Detroit River and Lake Erie -August 29 to Sept. 7, 2013

We floated down the Detroit River on a cloudless, windless  warm Monday morning past the mailboat under the Ambassador Bridge, past the Boblo Island boats sitting alongside old docks, steel making plants belching steam and out on to Lake Erie with old sailing ships and new cargo vessels.
This ship needs one more picture as it is the favorite of ours. The Pride of Baltimore!


Lake Erie was flat calm and we were anxious to keep moving on to Put-In Bay so we motored onward. Flies for the first time this trip were very bothersome and we kept busy not with sail trim but with flyswatters. We could tell from our new chartplotter/GPS that we were very close to the Canada/border and sure enough we had a friendly boarding by the US Coast Guard for a “safety inspection”. We passed all inspections!

Put-In Bay on South Bass Island off of Sandusky,Ohio (think Cedar Point) is known as “The Party Place” by most people we heard from. However it was also the place to be for the 200th Anniversary of the Battle of Lake Erie in the War of 1812. So this is why we were excited to be here. This monument is over 300 feet tall and is to honor Oliver Hazard Perry and the US victory over the British.


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This is the view of the harbor and of course Maraki from the top.

The anchorage of the monument was terrible holding and we experienced a sleepless, active night as a thunderstorm came through and we had dragging boats all around us including one that ended on shore, one with their anchor rode around their keel and lots of jockeying. We anchor with all chain and stayed put but had to motor for half the night to stay out of harms way. Needless to say, we moved the next day to a safer less crowded anchorage that unfortunately was a little farther from town and the happenings but much safer.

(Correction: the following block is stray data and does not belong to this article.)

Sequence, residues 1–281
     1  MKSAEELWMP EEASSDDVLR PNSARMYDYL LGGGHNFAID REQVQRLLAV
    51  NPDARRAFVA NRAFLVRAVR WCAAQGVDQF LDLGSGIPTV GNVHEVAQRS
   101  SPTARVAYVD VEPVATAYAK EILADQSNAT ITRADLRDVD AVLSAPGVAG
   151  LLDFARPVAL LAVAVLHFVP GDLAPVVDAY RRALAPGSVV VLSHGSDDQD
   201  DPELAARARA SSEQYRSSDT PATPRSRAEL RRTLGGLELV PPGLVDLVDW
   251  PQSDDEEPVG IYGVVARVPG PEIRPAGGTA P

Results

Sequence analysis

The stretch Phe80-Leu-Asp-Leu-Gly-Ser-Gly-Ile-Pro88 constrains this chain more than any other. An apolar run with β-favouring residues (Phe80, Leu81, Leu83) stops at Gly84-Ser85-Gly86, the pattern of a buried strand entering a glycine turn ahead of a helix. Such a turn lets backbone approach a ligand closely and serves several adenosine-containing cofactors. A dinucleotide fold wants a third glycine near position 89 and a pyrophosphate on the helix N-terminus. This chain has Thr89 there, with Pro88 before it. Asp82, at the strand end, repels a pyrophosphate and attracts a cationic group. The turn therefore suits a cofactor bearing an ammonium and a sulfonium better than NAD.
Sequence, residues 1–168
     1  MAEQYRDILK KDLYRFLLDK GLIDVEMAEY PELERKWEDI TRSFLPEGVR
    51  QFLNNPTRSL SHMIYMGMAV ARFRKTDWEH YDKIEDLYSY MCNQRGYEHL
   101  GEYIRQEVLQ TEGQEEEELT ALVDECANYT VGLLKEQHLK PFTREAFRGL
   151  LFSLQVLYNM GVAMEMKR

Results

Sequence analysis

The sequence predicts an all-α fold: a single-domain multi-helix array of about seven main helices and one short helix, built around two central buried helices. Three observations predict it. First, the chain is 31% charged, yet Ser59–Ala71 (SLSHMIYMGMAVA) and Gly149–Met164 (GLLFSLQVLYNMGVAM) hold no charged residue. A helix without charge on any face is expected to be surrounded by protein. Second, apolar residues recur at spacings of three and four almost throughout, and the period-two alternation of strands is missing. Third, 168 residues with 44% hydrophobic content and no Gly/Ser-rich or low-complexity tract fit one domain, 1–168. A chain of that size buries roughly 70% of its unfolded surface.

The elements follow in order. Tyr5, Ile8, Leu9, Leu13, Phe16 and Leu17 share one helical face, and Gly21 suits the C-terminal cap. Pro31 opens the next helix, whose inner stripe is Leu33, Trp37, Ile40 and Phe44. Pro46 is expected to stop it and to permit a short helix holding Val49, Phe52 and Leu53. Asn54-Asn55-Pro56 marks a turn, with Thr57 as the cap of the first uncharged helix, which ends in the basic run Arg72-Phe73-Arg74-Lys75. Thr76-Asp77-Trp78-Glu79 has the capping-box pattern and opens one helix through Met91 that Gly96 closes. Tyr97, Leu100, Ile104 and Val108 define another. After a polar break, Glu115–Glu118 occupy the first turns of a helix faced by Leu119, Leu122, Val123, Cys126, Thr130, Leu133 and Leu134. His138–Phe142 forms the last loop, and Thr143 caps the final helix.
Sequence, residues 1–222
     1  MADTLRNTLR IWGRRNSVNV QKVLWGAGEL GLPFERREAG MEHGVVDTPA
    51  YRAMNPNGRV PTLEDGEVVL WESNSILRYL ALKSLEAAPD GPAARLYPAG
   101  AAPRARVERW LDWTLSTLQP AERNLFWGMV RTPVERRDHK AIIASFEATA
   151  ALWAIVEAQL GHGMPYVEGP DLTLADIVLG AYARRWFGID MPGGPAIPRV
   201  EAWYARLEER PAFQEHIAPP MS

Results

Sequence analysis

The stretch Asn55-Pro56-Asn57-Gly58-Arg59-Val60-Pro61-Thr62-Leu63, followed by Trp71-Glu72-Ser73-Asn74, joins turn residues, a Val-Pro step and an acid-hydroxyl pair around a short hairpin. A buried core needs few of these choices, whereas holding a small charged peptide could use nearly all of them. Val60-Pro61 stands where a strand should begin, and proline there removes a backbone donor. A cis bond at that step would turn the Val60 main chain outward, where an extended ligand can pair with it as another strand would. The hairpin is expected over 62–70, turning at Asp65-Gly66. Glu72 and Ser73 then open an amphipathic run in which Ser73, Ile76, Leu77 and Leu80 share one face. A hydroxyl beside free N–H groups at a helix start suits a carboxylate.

This picture is of Kelleys Island about 6 miles away where we found these Glacial grooves that were carved by glaciers during the last Ice Age.

Finally the day of the Re-enactment arrived and the wind was of course blowing 20 and the area for the Battle was 6 miles upwind. We motor-sailed along with 2000 ? of our friends to try to watch the battle scene. It proved to be VERY chaotic as no one took charge of clearing the area but still interesting to watch. These pictures try to give some idea as to what this looked like.

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Next stop was Cleveland which again was a days run under spinnaker away. We found a free municipal dock along with the Pangaea/Explore vessel which is studying water on the Great Lakes and was returning from a trip through to Chicago looking at water samples for particulate plastics pollutants. The dock was at the base of the pier housing the Rock & Roll Hall of Fame.

From Cleveland we sailed to Fairport Ohio and anchored just inside of the breakwaters where we watched Wednesday night racing. Later at dusk this Lakes freighter “squeezed” in through the narrow harbor to load cement.
Now we are feeling the need or want to get to Buffalo and begin our inland trip. But one more chance to see the tall ships as they gather for another celebration in Erie, PA. We anchored in a “bomb-proof pond” in the State Park called Presque Isle and featuring miles of beach!!

The next port we hope to reach was Buffalo, NY and it was 68 miles away. We pulled anchor from the pond at first light and headed out to the NE. Predictions for wind was from the SW 10-20 and then going NE 15-20 tomorrow. So we threw up the new blue asymmetrical spinnaker and for the next 5 hours we made fast time in the right direction. We started seeing signs of squalls coming and decided to snuff the spinnaker as it was our first time using it since making a few sewing adjustments. The wind picked up as did the rain and we were glad to have the jib up but partially rolled. The trip took us 11 hours and we were in well before dark. It was a cold, wet second half but we were ready to enter the canal system of New York.
Here we are on the Niagara River between Buffalo and Tonowanda where the Erie Canal starts.


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